Two Memories of Mae Raley
She never prayed when Grandpa was at table.
At head of the table his trained voice
(which filled minds with perfected resonance)
softened like a lullaby when invoking God,
to as near a whisper as he could come.
But when Grandpa was gone
need appointed her intercessor.
We gripped her melanomic hands
and were gently spelled into
this single use of ancient tongue
Remember the word unto thy servant
Her voice shook and fought the phlegm of age
Upon which thou hast caused me to hope
Her tiny form beating seemed shrunken in the chair
This is my comfort in my affliction
Her bent frame hunched her head low to the cloth
For thy word hath quickened me
And her eyes clenched themselves closed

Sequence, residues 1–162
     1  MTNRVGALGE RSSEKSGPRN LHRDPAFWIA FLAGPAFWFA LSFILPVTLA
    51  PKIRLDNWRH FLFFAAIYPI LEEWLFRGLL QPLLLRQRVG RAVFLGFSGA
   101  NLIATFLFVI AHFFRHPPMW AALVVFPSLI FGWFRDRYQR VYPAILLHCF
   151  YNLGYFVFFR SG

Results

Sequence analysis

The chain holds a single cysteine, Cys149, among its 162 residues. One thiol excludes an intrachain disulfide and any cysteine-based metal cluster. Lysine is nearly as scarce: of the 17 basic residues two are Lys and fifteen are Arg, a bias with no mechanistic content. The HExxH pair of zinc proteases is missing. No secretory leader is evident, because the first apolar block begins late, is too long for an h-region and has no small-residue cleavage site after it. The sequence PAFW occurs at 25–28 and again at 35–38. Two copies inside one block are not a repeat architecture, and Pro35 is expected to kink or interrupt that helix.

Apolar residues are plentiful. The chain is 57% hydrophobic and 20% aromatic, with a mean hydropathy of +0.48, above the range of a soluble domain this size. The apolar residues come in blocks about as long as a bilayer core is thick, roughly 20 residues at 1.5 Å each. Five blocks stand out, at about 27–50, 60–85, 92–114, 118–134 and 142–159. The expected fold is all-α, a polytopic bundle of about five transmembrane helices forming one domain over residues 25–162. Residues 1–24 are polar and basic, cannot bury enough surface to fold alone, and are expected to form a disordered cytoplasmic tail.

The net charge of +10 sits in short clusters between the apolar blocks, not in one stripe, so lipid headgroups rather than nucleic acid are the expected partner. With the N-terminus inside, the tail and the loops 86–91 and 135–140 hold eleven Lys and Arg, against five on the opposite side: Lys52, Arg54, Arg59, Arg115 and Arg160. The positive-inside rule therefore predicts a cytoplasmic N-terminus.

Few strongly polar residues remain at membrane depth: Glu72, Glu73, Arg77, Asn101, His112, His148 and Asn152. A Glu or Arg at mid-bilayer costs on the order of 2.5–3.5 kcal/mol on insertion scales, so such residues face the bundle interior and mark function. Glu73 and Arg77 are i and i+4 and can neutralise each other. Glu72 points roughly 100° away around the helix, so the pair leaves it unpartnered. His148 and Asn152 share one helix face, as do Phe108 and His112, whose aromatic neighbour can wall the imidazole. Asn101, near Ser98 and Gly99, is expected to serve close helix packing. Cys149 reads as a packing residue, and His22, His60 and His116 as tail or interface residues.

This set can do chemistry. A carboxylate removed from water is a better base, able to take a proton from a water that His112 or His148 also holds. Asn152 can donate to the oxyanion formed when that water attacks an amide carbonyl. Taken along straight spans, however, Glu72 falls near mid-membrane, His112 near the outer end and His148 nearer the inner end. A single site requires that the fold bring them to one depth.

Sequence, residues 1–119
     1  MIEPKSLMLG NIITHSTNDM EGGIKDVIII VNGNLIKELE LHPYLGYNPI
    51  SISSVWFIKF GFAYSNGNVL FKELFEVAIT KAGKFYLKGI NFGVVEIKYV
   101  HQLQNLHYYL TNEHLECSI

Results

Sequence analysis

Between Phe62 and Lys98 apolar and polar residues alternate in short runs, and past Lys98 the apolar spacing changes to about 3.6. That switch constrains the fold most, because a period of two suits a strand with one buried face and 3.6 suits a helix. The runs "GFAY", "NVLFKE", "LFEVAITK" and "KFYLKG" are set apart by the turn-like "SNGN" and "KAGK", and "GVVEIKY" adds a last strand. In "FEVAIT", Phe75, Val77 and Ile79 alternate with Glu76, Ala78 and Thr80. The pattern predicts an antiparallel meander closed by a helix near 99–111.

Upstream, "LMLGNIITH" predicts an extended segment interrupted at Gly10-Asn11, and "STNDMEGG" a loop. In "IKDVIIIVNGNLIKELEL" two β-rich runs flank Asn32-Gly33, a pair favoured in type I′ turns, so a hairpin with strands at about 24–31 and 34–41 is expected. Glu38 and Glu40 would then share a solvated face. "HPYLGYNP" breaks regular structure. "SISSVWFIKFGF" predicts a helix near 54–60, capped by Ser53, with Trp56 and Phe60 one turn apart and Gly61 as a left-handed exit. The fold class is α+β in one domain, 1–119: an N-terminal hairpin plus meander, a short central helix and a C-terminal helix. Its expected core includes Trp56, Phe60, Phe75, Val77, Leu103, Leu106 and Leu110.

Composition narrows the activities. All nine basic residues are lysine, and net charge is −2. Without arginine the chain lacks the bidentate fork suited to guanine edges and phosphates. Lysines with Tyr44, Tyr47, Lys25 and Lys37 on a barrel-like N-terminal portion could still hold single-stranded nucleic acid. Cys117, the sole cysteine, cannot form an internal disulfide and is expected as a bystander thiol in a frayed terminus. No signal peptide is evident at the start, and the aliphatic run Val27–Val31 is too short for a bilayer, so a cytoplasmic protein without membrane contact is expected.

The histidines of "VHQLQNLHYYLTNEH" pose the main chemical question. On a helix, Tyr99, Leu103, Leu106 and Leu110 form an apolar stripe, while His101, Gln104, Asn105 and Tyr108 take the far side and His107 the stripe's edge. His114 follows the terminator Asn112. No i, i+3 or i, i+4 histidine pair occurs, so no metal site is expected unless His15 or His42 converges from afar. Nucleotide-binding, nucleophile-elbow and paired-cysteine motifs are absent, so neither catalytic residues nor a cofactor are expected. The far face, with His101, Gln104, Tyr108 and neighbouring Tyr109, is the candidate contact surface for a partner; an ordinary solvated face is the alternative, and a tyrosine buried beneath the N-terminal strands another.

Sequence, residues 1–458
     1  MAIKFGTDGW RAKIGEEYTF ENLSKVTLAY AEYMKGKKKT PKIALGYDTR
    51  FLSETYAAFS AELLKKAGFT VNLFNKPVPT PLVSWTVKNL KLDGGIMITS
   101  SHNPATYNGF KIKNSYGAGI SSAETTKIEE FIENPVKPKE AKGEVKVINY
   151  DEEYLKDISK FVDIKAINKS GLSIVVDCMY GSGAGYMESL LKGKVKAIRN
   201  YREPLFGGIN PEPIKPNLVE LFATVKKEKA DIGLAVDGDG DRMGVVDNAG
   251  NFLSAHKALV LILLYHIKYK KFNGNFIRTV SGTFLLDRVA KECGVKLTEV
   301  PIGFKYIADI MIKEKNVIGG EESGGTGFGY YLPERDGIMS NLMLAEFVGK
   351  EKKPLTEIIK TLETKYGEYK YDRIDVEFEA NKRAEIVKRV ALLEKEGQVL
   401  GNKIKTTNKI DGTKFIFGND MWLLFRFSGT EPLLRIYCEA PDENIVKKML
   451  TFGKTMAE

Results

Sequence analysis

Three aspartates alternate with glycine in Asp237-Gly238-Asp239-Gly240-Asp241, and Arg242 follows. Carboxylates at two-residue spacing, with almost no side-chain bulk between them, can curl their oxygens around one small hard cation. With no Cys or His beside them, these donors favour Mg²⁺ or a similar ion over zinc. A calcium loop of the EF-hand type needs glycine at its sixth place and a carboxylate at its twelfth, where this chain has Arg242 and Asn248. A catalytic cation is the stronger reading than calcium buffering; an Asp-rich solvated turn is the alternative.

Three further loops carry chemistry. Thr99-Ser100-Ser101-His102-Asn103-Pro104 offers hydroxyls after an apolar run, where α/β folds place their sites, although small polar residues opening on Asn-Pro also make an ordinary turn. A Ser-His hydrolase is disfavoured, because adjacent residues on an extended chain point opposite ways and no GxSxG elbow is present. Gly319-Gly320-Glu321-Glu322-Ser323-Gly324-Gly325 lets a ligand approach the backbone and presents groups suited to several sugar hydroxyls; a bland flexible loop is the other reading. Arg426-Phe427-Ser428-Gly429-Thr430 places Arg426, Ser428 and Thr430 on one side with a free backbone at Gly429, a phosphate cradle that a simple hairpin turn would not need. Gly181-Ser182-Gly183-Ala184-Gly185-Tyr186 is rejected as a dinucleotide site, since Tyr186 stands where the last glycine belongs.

as if straining for solace.
For thirty minutes after dinner
we were made to wait before exertion.
The wood-framed television set
guarded the living room’s far wall
like an ugly temple.
In it we saw colorless people
vividly for the things they did,
and distant expressions closely
for the distance they crossed.
After thirty minutes of avoidable nonsense
we could swim.
Our world in water and sun
was the boundary of two mediums:
air and keeping.
Through the power of the one
we were shortly held by the other,
down into compressed silence
and up into gasping laughter.
Grandpa would come back through the iron gate
singing our names as if calling us to awareness.
Only then would we look and see, sitting silent and content,
Mae, where she had always been,
watching us for the narrowest sign of weakness.